8 June, World Ocean Day: The ocean is key to securing the EU’s future

Press Release Date: June 6, 2024



Natividad Sánchez | email: nsanchez@oceana.org | tel.: +34 687 598 529

On World Ocean Day, Oceana calls on all candidates to the European Parliament to restore ocean health to support our food supply, jobs,
and resilience to the climate crisis

On World Ocean Day, which this year coincides with the European elections, Oceana urges incoming EU leaders to ensure that ocean life is restored to abundance. A healthy ocean is essential to addressing many of Europe’s current challenges, regarding employment, a reliable food supply, security, and climate resilience.

“It is simply naïve to pretend that we can face a planetary crisis if we weaken the largest ecosystem on Earth – the ocean. We can’t afford to degrade marine habitats that should be home to plentiful wildlife and are key to our resilience to climate impacts. Protecting and restoring the ocean is a need, not a luxury,” said Pascale Moehrle, Oceana’s Vice-President in Europe. 

Marine life plays a key role in the planetary carbon cycle. Covering over two-thirds of the planet, the ocean has already absorbed over 90% of the excess heat caused by anthropogenic greenhouse gas emissions. Yet, the combined pressure of increased marine temperatures, overfishing, habitat destruction, and pollution is putting the ocean’s ability to perform this buffering function at risk. Meanwhile, rising sea levels and increasingly severe extreme weather events are making people, businesses, and infrastructure increasingly vulnerable to health, supply chain, and security concerns.

“Without the ocean, we would not have a liveable planet. It’s a welcome coincidence that this year’s World Ocean Day coincides with the elections to the European Parliament. In a world stricken by geopolitical instability, economic volatility, and extreme weather events, the EU’s new leadership must ensure that the ocean can remain a source of sustainable food, jobs, and energy. It’s time to prioritise policies that benefit EU citizens and nature, not just business interestssaid Vera Coelho, Oceana’s deputy Vice-President in Europe.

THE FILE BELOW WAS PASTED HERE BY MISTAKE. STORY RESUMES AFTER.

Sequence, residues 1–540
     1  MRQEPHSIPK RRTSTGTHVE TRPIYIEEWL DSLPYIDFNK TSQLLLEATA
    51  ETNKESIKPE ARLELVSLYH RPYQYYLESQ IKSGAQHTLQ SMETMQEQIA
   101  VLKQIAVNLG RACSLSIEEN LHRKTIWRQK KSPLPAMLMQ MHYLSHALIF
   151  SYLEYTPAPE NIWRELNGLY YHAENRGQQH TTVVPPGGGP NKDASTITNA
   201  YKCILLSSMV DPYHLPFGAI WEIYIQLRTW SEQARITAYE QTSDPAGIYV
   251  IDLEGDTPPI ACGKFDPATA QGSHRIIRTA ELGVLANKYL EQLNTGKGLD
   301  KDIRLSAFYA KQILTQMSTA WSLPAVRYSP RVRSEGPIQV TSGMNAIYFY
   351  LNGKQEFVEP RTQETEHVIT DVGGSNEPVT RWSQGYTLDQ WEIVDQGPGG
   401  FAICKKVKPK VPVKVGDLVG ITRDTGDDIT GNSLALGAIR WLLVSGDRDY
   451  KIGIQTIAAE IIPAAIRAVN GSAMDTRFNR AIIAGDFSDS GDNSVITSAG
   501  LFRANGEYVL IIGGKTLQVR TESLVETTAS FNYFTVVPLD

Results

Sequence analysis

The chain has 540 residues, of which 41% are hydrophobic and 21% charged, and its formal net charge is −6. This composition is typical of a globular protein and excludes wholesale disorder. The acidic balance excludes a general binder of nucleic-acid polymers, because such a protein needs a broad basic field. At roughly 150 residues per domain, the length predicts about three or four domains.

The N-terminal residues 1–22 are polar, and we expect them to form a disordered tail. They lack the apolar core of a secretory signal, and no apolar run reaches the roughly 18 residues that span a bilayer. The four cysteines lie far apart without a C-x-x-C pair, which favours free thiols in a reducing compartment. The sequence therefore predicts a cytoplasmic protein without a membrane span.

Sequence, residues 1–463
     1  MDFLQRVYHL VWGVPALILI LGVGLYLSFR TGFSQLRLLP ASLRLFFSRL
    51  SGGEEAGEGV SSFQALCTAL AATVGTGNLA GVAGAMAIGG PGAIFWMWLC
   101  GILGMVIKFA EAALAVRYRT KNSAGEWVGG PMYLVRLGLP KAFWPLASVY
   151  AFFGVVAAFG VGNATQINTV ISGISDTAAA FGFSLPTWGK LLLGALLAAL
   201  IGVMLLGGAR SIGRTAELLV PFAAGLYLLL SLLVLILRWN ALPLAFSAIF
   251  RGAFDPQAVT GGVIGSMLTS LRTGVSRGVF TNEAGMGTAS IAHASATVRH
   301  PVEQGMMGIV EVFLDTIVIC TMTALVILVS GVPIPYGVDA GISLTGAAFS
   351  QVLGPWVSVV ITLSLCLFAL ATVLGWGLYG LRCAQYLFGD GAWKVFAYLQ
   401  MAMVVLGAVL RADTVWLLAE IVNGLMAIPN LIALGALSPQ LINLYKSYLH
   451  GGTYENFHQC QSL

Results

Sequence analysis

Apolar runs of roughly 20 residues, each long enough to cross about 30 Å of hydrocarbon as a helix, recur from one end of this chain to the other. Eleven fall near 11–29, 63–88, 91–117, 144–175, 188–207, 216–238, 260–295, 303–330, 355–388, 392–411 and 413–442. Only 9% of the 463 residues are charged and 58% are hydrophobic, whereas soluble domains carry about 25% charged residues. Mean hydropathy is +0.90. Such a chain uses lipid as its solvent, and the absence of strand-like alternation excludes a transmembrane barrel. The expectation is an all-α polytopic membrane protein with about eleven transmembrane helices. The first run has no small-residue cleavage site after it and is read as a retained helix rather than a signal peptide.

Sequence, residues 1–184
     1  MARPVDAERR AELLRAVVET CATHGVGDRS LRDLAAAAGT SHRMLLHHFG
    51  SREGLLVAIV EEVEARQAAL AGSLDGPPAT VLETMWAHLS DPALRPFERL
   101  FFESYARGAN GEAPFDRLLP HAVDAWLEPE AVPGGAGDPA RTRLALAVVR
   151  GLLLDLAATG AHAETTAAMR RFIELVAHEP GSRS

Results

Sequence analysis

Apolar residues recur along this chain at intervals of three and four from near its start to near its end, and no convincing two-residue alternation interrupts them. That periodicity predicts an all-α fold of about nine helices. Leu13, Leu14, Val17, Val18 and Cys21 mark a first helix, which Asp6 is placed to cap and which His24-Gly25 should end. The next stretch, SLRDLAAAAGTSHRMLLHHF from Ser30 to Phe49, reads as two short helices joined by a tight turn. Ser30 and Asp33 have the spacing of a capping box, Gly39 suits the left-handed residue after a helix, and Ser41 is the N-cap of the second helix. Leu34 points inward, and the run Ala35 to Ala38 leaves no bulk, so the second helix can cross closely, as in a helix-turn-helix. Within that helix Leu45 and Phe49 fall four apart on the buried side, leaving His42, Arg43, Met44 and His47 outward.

The political debates preceding the European elections have primarily focused on concerns relating to cost of living, economic inequalities, geopolitical instability, and energy security. Yet, the increase in the pace and severity of climate-related impacts underlines the necessity to accelerate action on climate and nature. The EU has jurisdiction over the largest maritime area in the world, and therefore has a significant role to play in ensuring the sustainability of ocean activities which, in turn, can hold the key to tackling societal challenges.

By rebuilding fish stocks through science-based fisheries management and habitat protection, the EU can ensure the long-term reliability of seafood supply. It can also enhance global sustainability by requiring that access to its seafood market (among the largest in the world) is restricted to seafood that is legally and sustainably caught, and fully traceable.

Rebuilding fish populations must go hand-in-hand with securing employment and wider social benefits in coastal communities, by allocating higher quotas to small-scale, low-impact fleets, which create more jobs and have a reduced impact on seabed habitats and vulnerable species.

Effectively protected and restored marine habitats sustain balanced, abundant, marine life that spills over to neighbouring areas and increases the ocean’s overall resilience to the climate crisis. Coastal and marine habitats are also important carbon stores and can act as barriers against climate-related impacts, such as storms.

These measures, together with investment in renewable marine energies, are ocean-based solutions to tackle societal challenges from job creation to climate resilience. It is time for EU leaders to seize these opportunities to offer real solutions to the immense challenges facing Europe and our blue planet.